Rick DePamphlis NexLevel Golf
Paul Harney Simple Golf Truths - Putting / Short Game
You Haven't Got a Shot ...
               
Paul was such a stickler on putting particularly short to mid range putts that he even had a formula for 1 putting from 4-8 foot range being commensurate to number of PGA Tour Events and chance of majors won in a single year. The more automatic you could be while still increasing the putting distances in this range, the more tour events and majors you could win in a given year. Such was the backdrop to an up and coming local Professional from Vermont who had PGA Tour aspirations. He called Paul from his home club in Vermont one day and wanted to drive down for Paul to have a look at his game. After driving three hours from Vermont to the Paul Harney Golf Club, the Vermonter gets out of his car, throws this big old staff bag strap over his shoulder and asks where the range is to go warm up. When informed of this, Paul stops this PGA Tour wannabe in his tracks and tells him to meet at the practice green.

Incredulously, the Vermonter meets Paul over at the practice green with his staff bag in tow. After introductions, the Professional from Vermont asks Paul to take a look at his game to see if he has what it takes to make the PGA tour.

"I don't need to see you swing" Paul starts out, "only need to see you putt" as he encircled the hole with a half dozen balls in the 4-8 foot range. Paul did this four or five times, gradually widening the radius of putts until reaching about 8 feet. After about 5-10 minutes worth of seeing the Vermonter make a low percentage of makeable short range putts by tour standards, Paul told him to pick up the balls and put the putter back in his bag and his bag back in his trunk and go back home.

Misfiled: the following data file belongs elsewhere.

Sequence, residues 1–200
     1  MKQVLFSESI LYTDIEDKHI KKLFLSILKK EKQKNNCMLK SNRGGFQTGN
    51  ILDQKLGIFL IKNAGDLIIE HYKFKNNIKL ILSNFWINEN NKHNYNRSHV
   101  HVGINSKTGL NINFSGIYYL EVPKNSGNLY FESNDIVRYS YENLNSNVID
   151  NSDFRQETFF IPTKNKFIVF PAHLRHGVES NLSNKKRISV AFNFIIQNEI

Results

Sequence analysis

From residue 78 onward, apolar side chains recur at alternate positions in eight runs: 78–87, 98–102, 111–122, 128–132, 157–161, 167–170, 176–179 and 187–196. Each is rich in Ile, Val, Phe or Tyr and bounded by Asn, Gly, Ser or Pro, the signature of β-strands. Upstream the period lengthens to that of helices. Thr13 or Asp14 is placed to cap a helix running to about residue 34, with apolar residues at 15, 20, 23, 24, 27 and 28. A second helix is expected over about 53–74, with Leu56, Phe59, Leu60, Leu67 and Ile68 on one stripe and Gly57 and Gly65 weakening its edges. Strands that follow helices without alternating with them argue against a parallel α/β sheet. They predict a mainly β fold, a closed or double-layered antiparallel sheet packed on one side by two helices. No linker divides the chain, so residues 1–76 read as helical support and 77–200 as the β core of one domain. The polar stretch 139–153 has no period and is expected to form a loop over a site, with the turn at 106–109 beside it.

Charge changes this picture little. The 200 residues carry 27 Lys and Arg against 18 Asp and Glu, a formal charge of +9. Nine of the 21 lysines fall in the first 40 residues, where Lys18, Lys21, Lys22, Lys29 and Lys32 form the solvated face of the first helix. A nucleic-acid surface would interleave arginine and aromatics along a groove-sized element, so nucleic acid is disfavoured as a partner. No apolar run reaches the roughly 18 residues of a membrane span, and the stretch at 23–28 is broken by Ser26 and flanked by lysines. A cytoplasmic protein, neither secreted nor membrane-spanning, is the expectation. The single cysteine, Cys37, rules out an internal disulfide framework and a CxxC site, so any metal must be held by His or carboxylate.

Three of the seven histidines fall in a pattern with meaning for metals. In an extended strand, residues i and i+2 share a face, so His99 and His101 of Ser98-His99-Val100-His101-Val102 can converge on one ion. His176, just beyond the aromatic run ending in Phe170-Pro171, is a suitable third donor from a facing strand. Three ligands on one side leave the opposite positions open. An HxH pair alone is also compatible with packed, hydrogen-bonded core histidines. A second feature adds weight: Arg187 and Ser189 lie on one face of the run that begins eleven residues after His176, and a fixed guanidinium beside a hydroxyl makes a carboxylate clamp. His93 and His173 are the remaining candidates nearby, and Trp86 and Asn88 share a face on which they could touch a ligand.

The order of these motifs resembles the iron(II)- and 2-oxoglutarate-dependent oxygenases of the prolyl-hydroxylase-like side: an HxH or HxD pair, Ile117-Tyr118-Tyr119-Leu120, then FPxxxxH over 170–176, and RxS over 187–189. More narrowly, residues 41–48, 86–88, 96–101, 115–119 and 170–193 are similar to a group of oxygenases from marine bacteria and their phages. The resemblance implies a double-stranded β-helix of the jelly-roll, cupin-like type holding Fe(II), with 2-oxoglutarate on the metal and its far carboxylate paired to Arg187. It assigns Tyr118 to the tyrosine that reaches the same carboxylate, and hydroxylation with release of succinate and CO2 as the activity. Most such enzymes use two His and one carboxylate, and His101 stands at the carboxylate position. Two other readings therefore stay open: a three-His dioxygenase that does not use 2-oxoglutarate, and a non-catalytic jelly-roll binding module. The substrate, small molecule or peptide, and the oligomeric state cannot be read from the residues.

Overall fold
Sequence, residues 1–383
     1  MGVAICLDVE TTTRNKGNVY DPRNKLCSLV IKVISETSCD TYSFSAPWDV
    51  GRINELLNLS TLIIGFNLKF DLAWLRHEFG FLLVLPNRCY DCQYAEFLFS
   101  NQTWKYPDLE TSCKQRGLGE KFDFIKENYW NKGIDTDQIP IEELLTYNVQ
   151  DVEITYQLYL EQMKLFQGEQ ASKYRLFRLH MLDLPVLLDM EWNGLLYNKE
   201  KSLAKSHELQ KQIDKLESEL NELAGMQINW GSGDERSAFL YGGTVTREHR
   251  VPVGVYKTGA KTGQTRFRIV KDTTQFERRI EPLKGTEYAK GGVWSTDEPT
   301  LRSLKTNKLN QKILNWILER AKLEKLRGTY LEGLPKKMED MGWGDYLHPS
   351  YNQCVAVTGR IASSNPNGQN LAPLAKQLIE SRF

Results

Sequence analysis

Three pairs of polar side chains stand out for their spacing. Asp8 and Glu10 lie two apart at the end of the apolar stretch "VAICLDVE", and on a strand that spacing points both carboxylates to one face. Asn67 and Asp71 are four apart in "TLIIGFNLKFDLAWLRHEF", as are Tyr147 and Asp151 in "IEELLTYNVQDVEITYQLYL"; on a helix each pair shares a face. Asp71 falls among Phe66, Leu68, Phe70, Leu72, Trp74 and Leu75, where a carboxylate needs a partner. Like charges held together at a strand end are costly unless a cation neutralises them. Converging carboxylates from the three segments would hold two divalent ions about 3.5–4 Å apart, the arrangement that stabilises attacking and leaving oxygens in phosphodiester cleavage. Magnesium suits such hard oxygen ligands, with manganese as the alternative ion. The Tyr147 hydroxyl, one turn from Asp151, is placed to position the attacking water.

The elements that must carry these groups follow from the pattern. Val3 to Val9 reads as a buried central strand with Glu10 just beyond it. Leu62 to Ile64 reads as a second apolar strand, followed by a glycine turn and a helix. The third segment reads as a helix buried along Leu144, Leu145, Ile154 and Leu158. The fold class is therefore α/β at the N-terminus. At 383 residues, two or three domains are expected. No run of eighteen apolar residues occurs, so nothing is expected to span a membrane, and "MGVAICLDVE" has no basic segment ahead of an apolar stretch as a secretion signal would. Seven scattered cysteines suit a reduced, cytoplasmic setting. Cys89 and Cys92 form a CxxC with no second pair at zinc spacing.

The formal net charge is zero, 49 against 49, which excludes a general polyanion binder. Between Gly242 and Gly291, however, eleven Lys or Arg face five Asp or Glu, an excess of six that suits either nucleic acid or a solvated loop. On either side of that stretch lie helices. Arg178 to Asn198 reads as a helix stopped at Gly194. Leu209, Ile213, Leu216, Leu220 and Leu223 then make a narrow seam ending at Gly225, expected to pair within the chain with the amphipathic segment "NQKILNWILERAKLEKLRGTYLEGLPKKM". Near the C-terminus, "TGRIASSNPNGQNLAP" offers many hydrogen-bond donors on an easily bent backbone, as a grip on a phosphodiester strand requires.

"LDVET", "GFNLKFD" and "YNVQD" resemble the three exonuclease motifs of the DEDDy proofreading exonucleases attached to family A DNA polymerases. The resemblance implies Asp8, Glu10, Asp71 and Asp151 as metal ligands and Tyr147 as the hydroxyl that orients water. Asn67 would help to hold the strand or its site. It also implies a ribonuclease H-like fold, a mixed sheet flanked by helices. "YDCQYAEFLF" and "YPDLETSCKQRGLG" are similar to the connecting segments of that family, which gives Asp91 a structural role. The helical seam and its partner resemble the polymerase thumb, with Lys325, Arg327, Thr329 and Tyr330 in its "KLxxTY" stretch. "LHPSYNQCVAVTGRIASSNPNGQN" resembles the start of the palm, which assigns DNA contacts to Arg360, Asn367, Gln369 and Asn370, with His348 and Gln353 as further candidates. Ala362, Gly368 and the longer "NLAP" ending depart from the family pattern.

"Don't you want to see the rest of my game" the Vermonter questioned.
    
The way you putt, I don't need to ... you haven't got a shot ... Then he turned around and walked back into the clubhouse.

Lesson: Using course par as baseline; regulation putting half of game - greatest impact on scoring
[PHOTO 10]
The Boss of the Moss ...

Some years later after that formative 6-month period of trial error, self discovery and experimentation, I became not a great putter, not even a consistently good putter but definitely a much better putter. But there was a day when I definitely putted great ...

I had moved out to sunny Southern California and was working on my short game 4-6 hours a day with an 18-hole round sandwiched in between every day [see Not a round over 73 just ahead] I was playing in various So. Cal. PGA mini tour events when I got paired with onetime PGA Tour Star and now PGA Champions Tour player boss of the moss Loren Roberts.

In this particular mini tour event at the La Quinta CC, in Palm Springs, CA, we were to keep each others scorecards. At the time I was an unknown PGA Professional transplant from the northeast and Loren Roberts was an unheralded PGA Assistant Golf Professional yet to qualify for the PGA Tour or win his first Tour Event.

Spending 4-6 hours/day greenside practicing every day for 9 months straight had really sharpened my short game but caused me to neglect my long game and it showed that day on both counts.The opposite held true for Loren Roberts - he must have hit nearly every green that day and may have missed all but one fairway. I, on the other hand, hit only 6 greens and 4 fairways ...

But when we signed and attested our scorecards that day my score was 3 shots lower than Loren's as he shot 76 with several 3 putts and I shot 73 ... with just 23 putts!  When we signed for our scorecards and Loren realized I had beaten him by three shots he said "That may have been the best putting round I've ever seen" but what his eyes seem to be really saying was how in he world did someone like me who hockeyed the ball all over the course beat him by three shots.

Great putting is a good match for anyone ... poor putting is a match for no one.   
I truly believe that round of golf with this unknown transplanted New Englander changed Loren Roberts outlook on putting forever.